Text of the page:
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Chehel Sotoun Mansion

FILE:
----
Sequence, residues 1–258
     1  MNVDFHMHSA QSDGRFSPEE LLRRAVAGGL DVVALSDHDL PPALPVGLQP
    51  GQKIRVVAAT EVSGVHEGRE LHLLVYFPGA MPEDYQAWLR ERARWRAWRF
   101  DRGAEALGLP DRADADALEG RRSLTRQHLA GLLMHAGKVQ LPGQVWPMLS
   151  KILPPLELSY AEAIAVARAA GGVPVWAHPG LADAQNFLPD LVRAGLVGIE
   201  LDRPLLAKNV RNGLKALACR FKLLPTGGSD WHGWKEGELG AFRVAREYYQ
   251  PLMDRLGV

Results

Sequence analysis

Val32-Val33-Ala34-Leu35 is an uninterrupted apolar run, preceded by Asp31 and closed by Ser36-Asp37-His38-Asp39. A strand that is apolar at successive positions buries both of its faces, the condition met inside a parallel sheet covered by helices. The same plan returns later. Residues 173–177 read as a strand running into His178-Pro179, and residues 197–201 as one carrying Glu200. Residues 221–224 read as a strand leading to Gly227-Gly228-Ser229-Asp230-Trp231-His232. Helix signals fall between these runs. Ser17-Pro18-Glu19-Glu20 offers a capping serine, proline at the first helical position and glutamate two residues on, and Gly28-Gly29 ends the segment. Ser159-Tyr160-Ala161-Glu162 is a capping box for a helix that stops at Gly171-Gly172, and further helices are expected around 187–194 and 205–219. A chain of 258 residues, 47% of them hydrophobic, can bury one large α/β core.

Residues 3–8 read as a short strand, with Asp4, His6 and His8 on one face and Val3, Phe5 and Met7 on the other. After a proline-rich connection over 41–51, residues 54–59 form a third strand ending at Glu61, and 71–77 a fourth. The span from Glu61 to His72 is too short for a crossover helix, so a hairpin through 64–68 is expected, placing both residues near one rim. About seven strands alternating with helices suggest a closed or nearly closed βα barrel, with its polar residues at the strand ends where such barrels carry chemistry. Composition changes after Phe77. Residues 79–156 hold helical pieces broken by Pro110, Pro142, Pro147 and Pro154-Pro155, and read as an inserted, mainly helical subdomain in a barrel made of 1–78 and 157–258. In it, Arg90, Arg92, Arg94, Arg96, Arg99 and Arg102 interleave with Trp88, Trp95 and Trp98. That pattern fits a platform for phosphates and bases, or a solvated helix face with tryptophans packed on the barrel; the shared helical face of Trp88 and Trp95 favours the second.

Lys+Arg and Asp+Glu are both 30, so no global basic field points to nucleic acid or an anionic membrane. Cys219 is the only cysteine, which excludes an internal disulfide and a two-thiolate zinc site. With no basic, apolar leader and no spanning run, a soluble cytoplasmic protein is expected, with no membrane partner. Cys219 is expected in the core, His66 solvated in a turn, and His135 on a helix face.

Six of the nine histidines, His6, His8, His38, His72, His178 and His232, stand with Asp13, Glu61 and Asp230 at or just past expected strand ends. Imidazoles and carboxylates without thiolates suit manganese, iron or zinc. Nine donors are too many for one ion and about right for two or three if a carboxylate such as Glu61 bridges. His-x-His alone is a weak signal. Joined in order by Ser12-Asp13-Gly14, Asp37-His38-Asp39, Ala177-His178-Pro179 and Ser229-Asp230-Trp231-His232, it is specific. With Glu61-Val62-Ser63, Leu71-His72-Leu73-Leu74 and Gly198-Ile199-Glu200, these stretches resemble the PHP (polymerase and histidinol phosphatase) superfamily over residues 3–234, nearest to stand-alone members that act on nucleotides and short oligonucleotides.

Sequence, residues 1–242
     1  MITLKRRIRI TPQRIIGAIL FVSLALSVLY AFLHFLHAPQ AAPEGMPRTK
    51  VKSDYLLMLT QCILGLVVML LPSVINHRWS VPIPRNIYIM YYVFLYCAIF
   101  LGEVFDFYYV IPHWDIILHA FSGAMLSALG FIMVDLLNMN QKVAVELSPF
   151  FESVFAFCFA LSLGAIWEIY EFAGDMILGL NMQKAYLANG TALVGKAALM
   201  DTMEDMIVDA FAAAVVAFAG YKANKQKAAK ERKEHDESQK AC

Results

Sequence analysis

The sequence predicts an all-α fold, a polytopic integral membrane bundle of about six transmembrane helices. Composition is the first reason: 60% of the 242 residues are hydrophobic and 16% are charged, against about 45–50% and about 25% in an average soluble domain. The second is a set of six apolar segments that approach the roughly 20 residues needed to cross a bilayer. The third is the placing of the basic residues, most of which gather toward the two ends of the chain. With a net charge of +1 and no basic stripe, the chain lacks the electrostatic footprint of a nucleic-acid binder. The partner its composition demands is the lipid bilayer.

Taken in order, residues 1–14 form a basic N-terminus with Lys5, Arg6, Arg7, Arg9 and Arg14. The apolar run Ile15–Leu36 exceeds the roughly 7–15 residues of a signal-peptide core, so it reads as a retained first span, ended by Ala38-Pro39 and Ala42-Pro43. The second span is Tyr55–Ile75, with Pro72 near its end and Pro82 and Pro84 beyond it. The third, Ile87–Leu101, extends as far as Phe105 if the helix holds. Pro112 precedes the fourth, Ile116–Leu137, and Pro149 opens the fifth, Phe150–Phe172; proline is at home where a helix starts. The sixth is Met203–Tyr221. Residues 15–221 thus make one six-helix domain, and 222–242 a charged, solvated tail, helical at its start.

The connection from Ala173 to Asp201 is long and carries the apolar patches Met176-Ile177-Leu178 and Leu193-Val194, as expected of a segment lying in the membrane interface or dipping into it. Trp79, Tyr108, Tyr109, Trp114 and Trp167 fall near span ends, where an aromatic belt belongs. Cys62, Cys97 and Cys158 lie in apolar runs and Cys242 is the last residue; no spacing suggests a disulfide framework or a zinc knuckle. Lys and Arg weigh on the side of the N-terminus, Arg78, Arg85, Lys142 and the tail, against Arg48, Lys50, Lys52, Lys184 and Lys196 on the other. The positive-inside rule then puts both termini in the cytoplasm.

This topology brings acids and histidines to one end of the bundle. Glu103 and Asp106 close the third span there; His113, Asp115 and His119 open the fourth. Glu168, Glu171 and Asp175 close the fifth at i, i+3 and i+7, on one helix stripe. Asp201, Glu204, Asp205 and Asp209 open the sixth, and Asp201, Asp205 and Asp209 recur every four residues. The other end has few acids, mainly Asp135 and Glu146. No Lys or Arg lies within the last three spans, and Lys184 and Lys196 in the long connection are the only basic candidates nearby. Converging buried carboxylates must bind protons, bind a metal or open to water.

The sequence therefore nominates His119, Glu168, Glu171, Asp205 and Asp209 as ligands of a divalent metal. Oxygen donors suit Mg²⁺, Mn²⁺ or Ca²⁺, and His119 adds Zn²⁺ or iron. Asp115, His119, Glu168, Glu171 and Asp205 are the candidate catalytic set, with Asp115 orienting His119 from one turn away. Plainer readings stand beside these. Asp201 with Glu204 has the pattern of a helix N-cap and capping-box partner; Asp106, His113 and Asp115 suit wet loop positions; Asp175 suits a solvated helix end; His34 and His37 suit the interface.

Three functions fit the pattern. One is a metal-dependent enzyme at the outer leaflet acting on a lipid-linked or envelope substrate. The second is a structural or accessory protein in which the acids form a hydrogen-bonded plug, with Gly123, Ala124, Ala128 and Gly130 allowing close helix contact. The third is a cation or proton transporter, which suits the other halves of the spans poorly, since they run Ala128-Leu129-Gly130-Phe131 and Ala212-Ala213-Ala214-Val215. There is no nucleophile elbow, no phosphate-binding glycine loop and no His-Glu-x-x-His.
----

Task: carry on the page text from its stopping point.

The Chehel Sotoun Mansion, built in the early 11th century, was in an area surrounded by palaces and gardens of the Safavid government. The building was mainly for the official reception of guests and foreign ambassadors. The construction completed in three phases. In the first phase, the main hall was done, and in the second phase, the Mirror Hall and the side rooms were built. In the third phase, the Column Hall with 18 columns and wooden ceilings completed. The name of forty columns refers to the total number of columns seen; including their images reflected in the water. The paintings on the walls were done under the supervision of the famous artist, Reza Abbasi. These paintings have Iranian miniature style. Four large indoor parlors show scenes of battlefields and feasts of the Safavid kings. The next two main drawings, added to this addition later, are with similar subjects and are done by Sadegh Naghashbashi (artist of the Qajar period). Unfortunately, many of the paintings of the Safavid period have been destroyed during the Zol al-Sultan reign. It seems that this building caught on fire in the 12th century, and was repaired later.